In April, Carillion bought Eaga - a company with big plans to install PV panels on 30,000 homes - and rebranded it as Carillion Energy Services. Seven months later, government feed-in tariffs have been cut in half, and all 4,500 jobs are on the line. So was the £298m purchase a catastrophic error? Building reports

On 7 July this year, contracting giant Carillion gave a presentation to City analysts detailing the strategy behind its £298m April acquisition of energy services firm Eaga and its prospects for growth. On the front of the presentation was a big picture of workers in hard hats securing photovoltaic panels to the roofs of family homes. And inside was the detail of how the company - already rebranded Carillion Energy Services - was going to take advantage of the government drive to get 750,000 solar panels on domestic roofs using the feed-in tariff (FIT) regime to create a £300m business. A story that runs somewhat counter to the line from Carillion top brass this week that the Eaga purchase was all about acquiring an energy services capability to serve the commercial and public sector markets.

It’s not difficult to see why, this week, Carillion would rather not talk about it. Because last Wednesday morning all 4,500 employees of Carillion Energy Services were called in to management meetings and given 90 days’ notice that their jobs were at risk - victims, according to Carillion, of the government’s decision to halve the FIT rate last month, from 43p to 21p per kWh. While there have been many reports of schemes cancelled, and contractor Mears has already said it has written off £5m in lost profit and investment in the market, the sheer scale of Carillion’s announcement has been a huge shock to the industry. It is particularly embarrassing for Carillion, coming just six months after the Eaga purchase - prompting investors to wonder if it really represented value for money. So what are the repercussions of the decision, and how much damage has been done to a firm that, until now, has been one of the winners to emerge from the recession?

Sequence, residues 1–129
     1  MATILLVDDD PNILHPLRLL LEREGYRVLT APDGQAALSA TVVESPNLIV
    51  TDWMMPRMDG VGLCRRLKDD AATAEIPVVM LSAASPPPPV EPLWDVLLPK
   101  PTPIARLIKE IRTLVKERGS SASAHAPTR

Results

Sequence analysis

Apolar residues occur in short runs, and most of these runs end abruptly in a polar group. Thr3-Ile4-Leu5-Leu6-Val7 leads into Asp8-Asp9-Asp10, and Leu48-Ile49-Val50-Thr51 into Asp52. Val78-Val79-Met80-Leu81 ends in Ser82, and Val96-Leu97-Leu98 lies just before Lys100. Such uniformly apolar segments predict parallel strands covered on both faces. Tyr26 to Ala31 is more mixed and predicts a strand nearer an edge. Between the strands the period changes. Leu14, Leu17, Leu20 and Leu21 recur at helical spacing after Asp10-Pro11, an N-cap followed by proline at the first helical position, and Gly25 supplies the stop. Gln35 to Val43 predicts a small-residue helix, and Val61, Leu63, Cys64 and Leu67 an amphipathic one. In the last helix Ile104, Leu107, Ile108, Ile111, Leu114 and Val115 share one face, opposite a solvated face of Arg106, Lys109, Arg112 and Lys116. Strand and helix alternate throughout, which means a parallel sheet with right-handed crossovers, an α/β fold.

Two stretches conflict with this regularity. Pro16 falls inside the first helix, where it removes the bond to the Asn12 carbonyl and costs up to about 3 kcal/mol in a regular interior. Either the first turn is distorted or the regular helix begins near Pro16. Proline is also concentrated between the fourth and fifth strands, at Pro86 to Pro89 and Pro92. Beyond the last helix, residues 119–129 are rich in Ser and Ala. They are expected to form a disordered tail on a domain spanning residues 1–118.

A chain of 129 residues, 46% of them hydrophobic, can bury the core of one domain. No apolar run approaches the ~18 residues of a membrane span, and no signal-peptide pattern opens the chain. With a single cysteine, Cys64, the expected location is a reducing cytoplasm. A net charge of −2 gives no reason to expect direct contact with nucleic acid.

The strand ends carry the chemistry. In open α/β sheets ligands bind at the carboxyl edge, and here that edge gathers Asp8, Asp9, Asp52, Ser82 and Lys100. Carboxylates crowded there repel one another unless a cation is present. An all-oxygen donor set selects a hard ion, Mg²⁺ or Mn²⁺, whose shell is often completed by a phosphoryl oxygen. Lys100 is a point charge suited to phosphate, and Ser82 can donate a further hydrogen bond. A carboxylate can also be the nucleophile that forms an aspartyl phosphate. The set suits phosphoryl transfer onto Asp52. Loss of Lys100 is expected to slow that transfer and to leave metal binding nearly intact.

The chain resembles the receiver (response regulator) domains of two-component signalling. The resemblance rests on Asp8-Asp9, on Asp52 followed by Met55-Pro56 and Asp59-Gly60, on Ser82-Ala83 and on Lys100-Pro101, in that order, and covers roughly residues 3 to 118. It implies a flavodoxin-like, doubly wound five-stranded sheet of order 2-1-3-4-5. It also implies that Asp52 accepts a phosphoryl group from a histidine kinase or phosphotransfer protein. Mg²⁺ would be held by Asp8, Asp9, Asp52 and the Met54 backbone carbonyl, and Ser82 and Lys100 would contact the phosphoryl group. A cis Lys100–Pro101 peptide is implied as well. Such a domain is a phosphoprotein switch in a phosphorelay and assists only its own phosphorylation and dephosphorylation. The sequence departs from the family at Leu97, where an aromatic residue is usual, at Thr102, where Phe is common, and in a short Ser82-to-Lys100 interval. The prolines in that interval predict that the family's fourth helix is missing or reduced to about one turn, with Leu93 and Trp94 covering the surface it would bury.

Why Eaga?

It was in 2009 that Carillion’s management decided to get into the energy services market. Prompted by the drift of government policy and the desire of big corporations to save money on energy, as well as the recession closing off many traditional contracting opportunities, it set about acquiring the capability to offer energy services to its many customers. The £298m acquisition of £700m-turnover Eaga was the culmination of that policy - theoretically enabling Carillion to carry out a range of energy-saving works for all of its existing public sector and commercial customers.

People who have got mortgages and children are petrified. It’s particularly worrying in the run-up to Christmas

Gemma Taylor, Unison

However, the acquisition came with a couple of key challenges. Eaga’s expertise was largely in the domestic market, rather than providing energy improvements to large corporates, the area where Carillion was hoping for the long-term growth. Specifically, more than 50% of Eaga’s turnover was dependent on government-funded schemes - the Carbon Emissions Reduction Target, the Community Energy Saving Programme and Warm Front - that are either winding down or winding up over the next couple of years. Meanwhile, any future profits from the £14bn Green Deal programme don’t yet look a safe bet, with widespread concern over the policy.

In this context, it is not surprising that the potential of the FIT to drive revenue in the short term took on such prominence in Carillion’s investor presentation. And Carillion’s FIT plan, inherited from Eaga, was certainly impressive. Eaga had set up a £300m special purpose vehicle with £15m of its own cash and the support of five banks, to fund a raft of PFI photovoltaic (PV) schemes. The idea was for the vehicle to pay for the installation of PV cells on the roofs of social landlords and homeowners, and take the 25-year FIT in return - sharing the profits among equity holders.

In addition to the FIT revenue, the installations, targeted at 30,000 homes, were forecast to generate £200m in installation revenues for Carillion Energy Services and a further £50m in ongoing maintenance. Furthermore, this initial scheme was supposed to be just a toe in the water - if successful, the idea was to set up more special purpose vehicles to do more and more installations.